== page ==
Movies, TV and games are happy to depict people travelling through space. But it never ends well, does it? You’ll never get a successful plot line that documents the breeding habits of a space ant colony or the detailed examination of photosynthesis in zero gravity. It’s always aliens, space madness, weirder aliens, and a crew mutiny resulting in horror or system malfunctions of some kind of super computer.
That last one is where Tacoma comes in, as we are charged with examining the inner workings of a crew on a space station who run into a life-changing event. But is it Interstellar or Space Truckers?
You play as Amy Ferrier who is a sub contractor/salvage expert working for the Venturis Corporation. She starts the game boarding the lunar space station, Tacoma, from her own spaceship. You’re tasked with finding out what happened on the Tacoma, regarding the obvious disaster that happened on board, but most importantly you are tasked with bringing back the expensive AI computer, ODIN. As you head into the deserted space station, you gain access to the computer mainframe and get very clear messages from Venturis that all property and information gained is property of theirs, and that any information obtained must be deleted. Strange? Yes?
Tacoma is a very gentle walking sim like experience that rewards exploration and discovery much like Gone Home. You walk (or float) around the space station without any danger, never needing to worry about fighting, running or screaming. You have a button that is attached to your actions and the point of the entire game is to analyse all the information given to you through the VR headset. For example you might enter an area of the ship and be told over the headset that a memory happened there four hours ago and you can now view it. The event will comprise of a conversation by all six crew members in that area over say, a four minute period. You can rewind and fast-forward certain points of that conversation at any point. Two of the six might then decide to go to another room and have a private conversation, so you can choose whether to follow them. But obviously if you do, then you’ll miss out on the vital info coming from the mouths of the others.
Each member of crew holds valuable information to the overall story, giving access to many hidden areas. There might be passwords to lockers, or by watching them carefully you can see them enter a door code that you can learn and activate yourself. But what it also does is give you an fascinating insight into the group dynamic of dealing with a major problem, while in contrast showing the private intimate moments they have when in smaller groups. This technique and innovative piece of game design works really well and keeps the interest up all the way through the campaign. Trying to find all the clues and conversations becomes addictive and you really do start to care for, and want to know about, all the characters on board the Tacoma.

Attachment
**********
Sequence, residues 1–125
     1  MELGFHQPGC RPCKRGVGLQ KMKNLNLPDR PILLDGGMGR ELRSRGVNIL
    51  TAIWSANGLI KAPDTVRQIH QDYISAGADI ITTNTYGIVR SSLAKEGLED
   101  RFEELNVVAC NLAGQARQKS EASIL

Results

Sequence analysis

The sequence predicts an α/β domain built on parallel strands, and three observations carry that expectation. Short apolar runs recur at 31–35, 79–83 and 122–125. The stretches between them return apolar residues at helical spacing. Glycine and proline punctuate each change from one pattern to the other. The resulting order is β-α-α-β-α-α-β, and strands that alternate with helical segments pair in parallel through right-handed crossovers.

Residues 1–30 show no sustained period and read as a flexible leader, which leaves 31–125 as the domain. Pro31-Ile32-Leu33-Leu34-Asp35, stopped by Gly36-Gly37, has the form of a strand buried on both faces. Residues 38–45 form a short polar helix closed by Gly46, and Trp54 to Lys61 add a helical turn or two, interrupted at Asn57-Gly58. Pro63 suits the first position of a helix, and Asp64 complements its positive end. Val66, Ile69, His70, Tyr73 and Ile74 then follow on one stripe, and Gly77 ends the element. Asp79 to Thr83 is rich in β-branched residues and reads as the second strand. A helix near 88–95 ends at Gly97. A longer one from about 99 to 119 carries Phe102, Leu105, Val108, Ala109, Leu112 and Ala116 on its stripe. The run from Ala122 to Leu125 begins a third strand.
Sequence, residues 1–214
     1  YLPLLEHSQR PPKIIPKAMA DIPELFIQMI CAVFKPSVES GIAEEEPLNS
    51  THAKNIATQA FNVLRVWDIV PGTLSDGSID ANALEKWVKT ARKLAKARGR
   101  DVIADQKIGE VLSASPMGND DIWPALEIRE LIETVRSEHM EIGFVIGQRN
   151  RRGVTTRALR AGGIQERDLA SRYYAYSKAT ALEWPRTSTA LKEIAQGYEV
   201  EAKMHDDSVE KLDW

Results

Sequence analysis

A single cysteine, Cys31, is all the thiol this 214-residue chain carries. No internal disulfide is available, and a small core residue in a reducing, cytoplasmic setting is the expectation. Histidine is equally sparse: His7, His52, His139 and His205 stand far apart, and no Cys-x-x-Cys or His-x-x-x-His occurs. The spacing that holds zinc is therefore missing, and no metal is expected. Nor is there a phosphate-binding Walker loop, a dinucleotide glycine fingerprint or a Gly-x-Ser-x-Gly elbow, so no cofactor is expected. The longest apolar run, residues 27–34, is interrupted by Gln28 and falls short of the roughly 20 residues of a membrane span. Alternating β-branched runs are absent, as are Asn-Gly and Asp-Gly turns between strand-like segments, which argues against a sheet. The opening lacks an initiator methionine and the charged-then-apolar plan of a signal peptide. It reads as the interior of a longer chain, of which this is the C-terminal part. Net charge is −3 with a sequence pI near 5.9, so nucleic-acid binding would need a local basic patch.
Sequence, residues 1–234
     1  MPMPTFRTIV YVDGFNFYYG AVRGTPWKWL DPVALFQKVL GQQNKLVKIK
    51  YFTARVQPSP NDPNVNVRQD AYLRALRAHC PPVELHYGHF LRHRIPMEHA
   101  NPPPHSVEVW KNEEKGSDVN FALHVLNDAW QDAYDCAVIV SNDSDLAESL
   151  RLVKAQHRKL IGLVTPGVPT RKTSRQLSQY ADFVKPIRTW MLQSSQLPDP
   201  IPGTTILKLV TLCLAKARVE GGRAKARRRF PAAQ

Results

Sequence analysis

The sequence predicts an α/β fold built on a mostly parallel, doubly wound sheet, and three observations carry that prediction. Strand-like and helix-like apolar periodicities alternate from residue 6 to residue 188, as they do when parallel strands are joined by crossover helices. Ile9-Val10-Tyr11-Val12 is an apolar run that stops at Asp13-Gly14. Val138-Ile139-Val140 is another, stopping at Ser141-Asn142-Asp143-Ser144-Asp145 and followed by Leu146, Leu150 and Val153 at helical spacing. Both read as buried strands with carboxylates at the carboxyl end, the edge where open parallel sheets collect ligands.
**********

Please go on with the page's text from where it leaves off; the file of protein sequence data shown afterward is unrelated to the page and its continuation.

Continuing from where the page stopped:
Quite obviously, the story is where a game like this succeeds – or fails dismally. In order for games of this genre to work, you have to have an interesting journey, a mystery or surprise around every corner. Happily, Tacoma tells a very three dimensional, complex, emotional and uplifting story throughout its journey. It’s not a story of intergalactic aliens or magical evil. It’s a story about corporate greed, solution driven emotional choices and ethical dilemmas.
An incredible amount of work has gone into each character’s backstory and the motivations behind their actions. The detail found in the scattered leaflets, emails and personal objects hanging around the space centre tell different stories and insights too. For example, one VR memory was of an employee in her room, playing a brilliant version of “Is That All There Is” on guitar. After some looking around I found the funeral service for her sister and a special note she wrote for her. It added an extra layer to the memory and made me feel like I had actually discovered a hidden narrative for the character.
Visually and Tacoma is solid with some nice features and brilliant design work on the extra details, especially the documents and displays. The space station stuff all looks good and is really wonderful, but the space outside feels, forgive the pun, a bit dead. The characters’ ghostly outlines in the VR memory are a lovely touch and work incredibly well. There are occasionally some framerate issues, but are never anything to hamper the experience or enjoyment of the game. In the sound department meanwhile, I really do need to talk first about the voice-work, because it’s great. There is some lovely acting from the entire cast, really playing the emotional and complex narratives in fine form. Both the soundtrack and effects are brilliant as well, with some lovely subtle touches placed here and there.
Overall, Tacoma is a high quality walking sim that tells a brilliant story of hope, whilst delivering complex and interesting characters. You can find some great secrets if you search hard and the attention to detail is superb. There are some problems with the save system, occasionally throwing me back to the start and the whole thing died on me at one point in time. And it’s also a relatively short experience – around 2 to 3 hours in length – and it does feel a bit short changed.
But if you like your story driven games, I feel that this is a definite purchase and you should be heading off to space and the Tacoma – for once there are no bloody naughty aliens mucking it all up for us.